Citizen News now on YouTube

YouTube, as promised earlier, has launched a new content creation category called Citizen Reporters. This is now what Vikalpa YouTube Video publishes under, as Sri Lanka’s first and only mobile phone based video CJ initiative

While you are at it, check out the comments in response to the announcement video here. Very revealing. 

Tactical Technology Collective Citizen Journalism Toolkit – How not to do a toolkit

Tactical Technology Collective has come out with a new Citizen Journalism toolkit, to complement earlier toolkits for NGOs and activists on security, audio and video publishing on the internet and FOSS publishing.

Covering audio, blogs, images and print (strangely no video) the toolkit is somewhat of a useful resource, but as its stands is irascibly incomplete, confusing and badly executed.

Gaps
The lack of an emphasis on online video production and dissemination is bizarre, because this is a vital aspect of citizen journalism on the web (e.g. Vikalpa YouTube Channel). Far as I could gather, it only gets passing mention in the sections dealing with podcasts on WordPress!

There’s also no real media / advocacy strategy talked about in any of the sections. This suggests the authors are more versed in the technical aspects of new media and desk research than with any lived experience of citizen journalism in violent contexts, where I usually find the most innovation and the greatest need for this kind of manual.

Further, there is no emphasis on the strategic complementarity of using a range of services and products (e.g. blog + twitter or podcast + transcript on blog), redundancy or planning for failure. No mention of mobile phones. No mention of RSS and how it can be used to get information across even when websites are blocked by ISPs.

The website is also quite a mess. Content could have been vastly better edited and proofed. Navigation is difficult and not at all intuitive. There’s no PDF to download to read and print content off when offline and bizarrely no search function at all. Some of the pages are also just formatted all wrong (e.g. ironically, the page on best practices for effective blogging). The presentation and grouping of content can at time get very confusing. For example, the page of Distributing & publicising your blog’s content lists Flickr and ourmedia.org as sites that allow you to store, share and view a range of media such as digital photographs, audio files like podcasts, videos. I fail to see the connection here. While these sites certainly help in online content storage and have dissemination mechanisms of their own (without the need for any blog at all) how they feed into blogs and how blogs can be connected to them isn’t made at all clear.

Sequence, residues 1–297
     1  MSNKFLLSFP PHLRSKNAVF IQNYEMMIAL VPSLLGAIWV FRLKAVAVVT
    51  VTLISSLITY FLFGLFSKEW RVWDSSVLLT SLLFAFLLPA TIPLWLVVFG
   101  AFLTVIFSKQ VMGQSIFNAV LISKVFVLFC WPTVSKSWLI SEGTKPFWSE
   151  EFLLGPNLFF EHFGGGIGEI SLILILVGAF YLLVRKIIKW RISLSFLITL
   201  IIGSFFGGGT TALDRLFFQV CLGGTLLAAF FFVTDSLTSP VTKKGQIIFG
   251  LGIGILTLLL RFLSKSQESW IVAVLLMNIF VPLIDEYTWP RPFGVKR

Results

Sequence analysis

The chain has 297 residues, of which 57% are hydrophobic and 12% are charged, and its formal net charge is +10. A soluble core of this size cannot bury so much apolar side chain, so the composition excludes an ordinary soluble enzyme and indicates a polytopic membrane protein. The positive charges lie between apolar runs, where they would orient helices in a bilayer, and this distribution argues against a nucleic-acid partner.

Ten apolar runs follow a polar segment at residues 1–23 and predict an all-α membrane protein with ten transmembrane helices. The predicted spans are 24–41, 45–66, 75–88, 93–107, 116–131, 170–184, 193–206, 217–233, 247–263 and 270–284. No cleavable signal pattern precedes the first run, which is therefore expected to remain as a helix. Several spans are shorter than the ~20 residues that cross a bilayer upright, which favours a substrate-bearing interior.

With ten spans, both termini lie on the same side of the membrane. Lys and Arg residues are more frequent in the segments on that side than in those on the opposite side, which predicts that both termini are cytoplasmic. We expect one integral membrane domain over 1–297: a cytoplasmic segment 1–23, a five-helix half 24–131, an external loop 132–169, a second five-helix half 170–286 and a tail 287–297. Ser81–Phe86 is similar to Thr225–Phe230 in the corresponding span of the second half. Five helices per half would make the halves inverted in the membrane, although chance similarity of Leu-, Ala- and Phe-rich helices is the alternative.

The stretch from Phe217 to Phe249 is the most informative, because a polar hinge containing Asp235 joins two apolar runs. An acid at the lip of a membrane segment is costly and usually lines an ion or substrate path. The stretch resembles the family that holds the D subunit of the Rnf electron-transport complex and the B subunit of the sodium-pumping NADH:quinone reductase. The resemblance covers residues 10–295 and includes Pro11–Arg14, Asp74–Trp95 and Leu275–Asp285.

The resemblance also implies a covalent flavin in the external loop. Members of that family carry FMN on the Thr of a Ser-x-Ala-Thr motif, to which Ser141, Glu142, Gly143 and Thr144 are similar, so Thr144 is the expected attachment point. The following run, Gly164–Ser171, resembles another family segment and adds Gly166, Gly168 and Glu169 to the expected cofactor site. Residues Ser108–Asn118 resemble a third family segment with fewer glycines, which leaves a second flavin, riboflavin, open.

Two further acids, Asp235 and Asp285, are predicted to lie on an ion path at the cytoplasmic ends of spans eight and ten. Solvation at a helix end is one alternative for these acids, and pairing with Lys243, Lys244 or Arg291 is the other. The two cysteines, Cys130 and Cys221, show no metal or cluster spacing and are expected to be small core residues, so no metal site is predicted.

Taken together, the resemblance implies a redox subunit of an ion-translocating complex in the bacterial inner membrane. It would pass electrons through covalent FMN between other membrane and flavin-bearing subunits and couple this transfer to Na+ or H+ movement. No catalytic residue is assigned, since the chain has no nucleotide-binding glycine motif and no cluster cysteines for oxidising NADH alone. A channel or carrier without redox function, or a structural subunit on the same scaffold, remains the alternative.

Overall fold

There are also pages where the graphics don’t show up at all (didn’t anyone actually go through this website before it went public?!)

There’s an emphasis on products like VLC, Songbird Firefox and WordPress in the manuals, but no real explanation given as to why they were chosen above other competing products and services. I blog for example using Safari 3.1 – others may blog just as well using Internet Explorer, Opera or other browsers. While I know the advantages of Firefox, just saying that it’s a better programme isn’t terribly helpful. Ditto with WordPress. Why not Blogger for example? (An exception here is the discussion on the pros and cons of Flickr)

Content
There’s some really useful content here, but I was really struck more by what’s missing. Tactical Technology must live up to its name and reputation and urgently work on this set of resources to make it much better than what it is. As it stands, the section on print media is the strongest, with some really useful insights and tips on how best to communicate one’s message.

As noted earlier, the exclusion of video from a CJ toolkit is wholly unpardonable. This, and an emphasis on mobile phones will make this toolkit far more useful than what it presently is.

 

Updated – 22 May 2008, 7.42pm

Perhaps as a result of the feedback they got and on account of my suggestion below, the website now clearly notes that it is a work in progress and will be officially launched in June 2008. A tactical mistake by Tactical Technology, now rectified. 

E-Government vs. E-Governance in Sri Lanka – A place for Web 2.0 and mobiles?

An article on the future of e-government from the US proclaims that Web 2.0 will “transform service delivery, make smarter policies, flatten silos and, most importantly, reinvigorate democracy” and facilitate a shift “from monolithic government agencies to pluralistic, networked governance Webs that fuse the knowledge, skills and resources of the masses.”

Phew!

There are undoubtably great examples of e-government working meaningfully to empower citizens (and even non citizens). Two diverse examples are the British Government e-petition service and the US Transportation Security Administration’s (TSA) blog, Evolution of Security. The British Government’s e-petition service statistics are interesting:

  • Over 29,000 petitions have been submitted, of which over 8,500 are currently live and available for signing, over 6,000 have finished and 14,601 have been rejected outright.
  • There have been over 5.8 million signatures, originating from over 3.9 million different email addresses.

In Sri Lanka however, e-gov remains just a great idea.